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Outlast

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The alarm blares and plucks me out of dreamland. It’s mid-winter, still dark, and my feet are twin blocks of ice, hanging off my bed in the chilly apartment. I pick up my device and silence the alarm. The screen flashes a wash of electric color; I blink and roll onto my side, tucking my feet under the blanket. The room comes to me in shapes and bruised colors. Then I remember.

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Marvin Greene

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I think about my friend from back in the day, Marvin Greene. I first remember his smile, his overall body language, his strut and his distinctive voice. Then something else pops up and I get distracted. Last time that happened, I made a serious mental note to find a quiet time to reflect.

I’d always promise to take that time and sit down to remember Marvin Greene. To recall when we met and became unlikely friends. And how sadly, our friendship lasted less than a year.

I finally did.

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Homecoming

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Terry Belcher’s hands were wet with perspiration as he nervously thought about his high school’s homecoming dance, which was scheduled to take place in less than a week.  A senior at Cardinal Worthy High School in Scranton, PA, Belcher was determined to attend since this was the big fall event for his graduating class.  Terry had planned to ask his good friend Lisa Brooks to the dance but was taken by surprise when she told him that she had “other plans” for the weekend.  Other plans?  What the hell did that mean?

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Cat Tale

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Adoption counselor Jan Mulford studied the form before her.  A man named Mark Hazlett was applying to be a pet parent to the loving and playful calico named Miss Kitty.  Although she loved all of the pets in the Humane Society, Jan did occasionally find favorites, and Miss Kitty was one of them.  Jan had secretly been considering adopting Miss Kitty herself, even though she already had a cat.  Jan wondered why this Dr. Hazlett wanted a cat.  He was 35 years old, around her own age, and he had never owned a cat before, only dogs.

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The Dive

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It was a beautiful brisk Manhattan autumn evening in 1984. Jimmy and Frankie were getting back on patrol from their meal. They had enjoyed a late supper at a new French restaurant, the CAFE DU PARC. Their old pal Nicky now owned and managed this elegant cafe on East 19th Street. Last week he had invited them to tonight’s private opening. Nicky was welcoming his hand-picked list of guests.

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Out on a Ledge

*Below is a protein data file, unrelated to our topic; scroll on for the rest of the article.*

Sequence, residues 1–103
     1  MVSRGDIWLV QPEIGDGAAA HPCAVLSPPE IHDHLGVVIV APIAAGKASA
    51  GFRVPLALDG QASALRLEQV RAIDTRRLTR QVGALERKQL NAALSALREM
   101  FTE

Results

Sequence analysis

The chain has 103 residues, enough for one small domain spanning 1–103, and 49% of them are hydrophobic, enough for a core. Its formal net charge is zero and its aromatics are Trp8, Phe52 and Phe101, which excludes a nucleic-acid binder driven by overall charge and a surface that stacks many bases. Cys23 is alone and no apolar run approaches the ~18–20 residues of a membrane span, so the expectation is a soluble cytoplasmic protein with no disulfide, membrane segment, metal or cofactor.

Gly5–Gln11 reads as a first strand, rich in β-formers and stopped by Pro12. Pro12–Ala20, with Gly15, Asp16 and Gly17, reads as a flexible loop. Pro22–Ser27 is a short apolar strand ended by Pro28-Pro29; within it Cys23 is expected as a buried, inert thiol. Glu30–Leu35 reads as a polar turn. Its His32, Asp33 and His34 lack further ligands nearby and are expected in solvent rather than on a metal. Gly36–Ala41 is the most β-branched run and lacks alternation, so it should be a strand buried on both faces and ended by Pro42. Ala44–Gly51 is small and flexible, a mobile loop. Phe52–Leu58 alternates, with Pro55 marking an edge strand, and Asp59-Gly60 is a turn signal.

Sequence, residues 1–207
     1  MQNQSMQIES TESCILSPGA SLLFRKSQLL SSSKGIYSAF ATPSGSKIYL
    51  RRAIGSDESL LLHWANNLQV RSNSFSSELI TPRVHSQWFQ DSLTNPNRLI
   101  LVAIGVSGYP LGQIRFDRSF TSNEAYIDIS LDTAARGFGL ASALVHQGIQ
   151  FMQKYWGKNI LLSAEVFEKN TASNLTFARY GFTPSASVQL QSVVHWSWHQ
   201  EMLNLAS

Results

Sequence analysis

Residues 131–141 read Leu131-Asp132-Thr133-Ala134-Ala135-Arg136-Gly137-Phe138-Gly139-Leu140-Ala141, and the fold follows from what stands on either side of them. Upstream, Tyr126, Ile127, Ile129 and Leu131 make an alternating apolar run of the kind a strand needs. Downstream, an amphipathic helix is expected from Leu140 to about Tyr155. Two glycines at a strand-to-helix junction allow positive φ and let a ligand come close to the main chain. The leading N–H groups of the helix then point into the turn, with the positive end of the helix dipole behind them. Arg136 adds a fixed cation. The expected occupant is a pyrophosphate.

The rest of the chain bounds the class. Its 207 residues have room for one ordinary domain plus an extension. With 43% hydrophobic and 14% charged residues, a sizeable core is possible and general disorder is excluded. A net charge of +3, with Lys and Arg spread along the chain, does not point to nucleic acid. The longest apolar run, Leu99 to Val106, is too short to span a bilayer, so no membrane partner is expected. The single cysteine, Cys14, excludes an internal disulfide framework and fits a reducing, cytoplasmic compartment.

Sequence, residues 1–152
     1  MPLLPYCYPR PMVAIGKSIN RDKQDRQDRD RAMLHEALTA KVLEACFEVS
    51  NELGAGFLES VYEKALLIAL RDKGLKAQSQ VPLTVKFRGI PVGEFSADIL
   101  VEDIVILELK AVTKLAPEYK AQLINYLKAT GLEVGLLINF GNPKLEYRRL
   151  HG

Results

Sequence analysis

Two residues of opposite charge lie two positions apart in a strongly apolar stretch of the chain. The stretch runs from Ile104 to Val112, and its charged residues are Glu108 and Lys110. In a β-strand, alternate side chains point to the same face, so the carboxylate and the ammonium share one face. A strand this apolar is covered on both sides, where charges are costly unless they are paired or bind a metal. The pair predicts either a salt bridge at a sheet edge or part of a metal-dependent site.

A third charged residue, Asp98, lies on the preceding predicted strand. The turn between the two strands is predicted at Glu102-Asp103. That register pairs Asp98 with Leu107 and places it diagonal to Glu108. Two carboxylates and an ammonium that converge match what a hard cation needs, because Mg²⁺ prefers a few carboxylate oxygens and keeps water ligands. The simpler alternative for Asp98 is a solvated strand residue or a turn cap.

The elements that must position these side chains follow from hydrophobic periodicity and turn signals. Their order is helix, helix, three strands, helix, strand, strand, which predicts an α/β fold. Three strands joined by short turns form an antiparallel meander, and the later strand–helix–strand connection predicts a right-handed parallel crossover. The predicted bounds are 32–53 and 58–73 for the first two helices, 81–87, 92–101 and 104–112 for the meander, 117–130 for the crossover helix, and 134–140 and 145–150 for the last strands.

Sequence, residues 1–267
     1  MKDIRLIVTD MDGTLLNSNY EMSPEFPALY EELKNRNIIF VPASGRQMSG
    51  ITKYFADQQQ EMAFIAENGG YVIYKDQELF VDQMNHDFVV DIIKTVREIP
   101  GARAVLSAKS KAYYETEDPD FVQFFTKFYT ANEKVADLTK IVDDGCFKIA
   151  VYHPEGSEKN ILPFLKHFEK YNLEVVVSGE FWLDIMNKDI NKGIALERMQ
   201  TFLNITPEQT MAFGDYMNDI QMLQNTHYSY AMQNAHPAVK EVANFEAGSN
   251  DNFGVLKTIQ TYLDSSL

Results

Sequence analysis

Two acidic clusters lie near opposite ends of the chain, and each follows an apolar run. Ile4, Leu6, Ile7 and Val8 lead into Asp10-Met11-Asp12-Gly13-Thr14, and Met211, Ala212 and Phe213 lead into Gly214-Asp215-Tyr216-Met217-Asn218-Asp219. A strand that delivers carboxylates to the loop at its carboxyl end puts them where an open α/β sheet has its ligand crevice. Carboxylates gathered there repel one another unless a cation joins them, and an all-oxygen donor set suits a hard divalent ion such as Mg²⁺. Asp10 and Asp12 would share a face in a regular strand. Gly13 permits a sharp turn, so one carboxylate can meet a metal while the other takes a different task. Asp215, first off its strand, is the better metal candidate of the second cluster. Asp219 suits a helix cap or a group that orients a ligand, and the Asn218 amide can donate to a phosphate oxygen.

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Justin, Jake, and Elan headed northeast towards the mountains where they hoped to find the great inland sea.   The northern end of the sea fed a river that descended to the Valley of the Black Dog, their home. As they climbed out of the dense forest and into the foothills, the vegetation changed.  There were fewer trees and more grasses and shrubs.  The giant red woods gave way to smaller pines and scrub oaks.  Streams were narrower and swifter.  On and on, the boys walked, up one hill and down another, all the while, gaining elevation.

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Small Town Horror

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Metro Meats was a slaughterhouse here in town that employed a lot of young people during the seventies. My aunty used to work there, but a number of young men, some still alive, but older now, did their best to ruin her time at the place.

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The Neighbour

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It is subtle, but then my nose hairs start to burn as the smell travels down my throat. I sit up, jump out of bed, quickly turn off the fan, and expect the little bastard to pass by my house and travel down the street, but unfortunately I hear his squeaky, annoying voice.

“It is me, the famous neighborhood skunk in search of food!” he shouts.

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I Thought I Knew Her

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I watched Karen walk away, the hem of her skirt flipping from side to side, just like the first time I'd encountered her on our way to the dining hall. She was a freshman then, I a junior. I commented on her dress, an enticingly short swirl of pastel colors. The conversation continued at dinner after we met up with her roommate. Now, exactly two years later, in the noonday sun, at the bench where we'd spent hours talking that first night, in front of a choir of my fraternity brothers--and other students crossing the university's quad--I got down on one knee and stuttered out a proposal. She said no.

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It's Your Turn

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I am writing this because I have no choice. I'd like to say it is a warning to others, but I have far more selfish reasons. Even if I did warn you, I doubt you would heed it, as I did not heed the warning left for me. I must not waste time, as time is wasting me, in a way that defies the medical science I once believed I knew. My joints ache as I write, and soon I know I will be unable to continue. Yet this must be told and so I write on.

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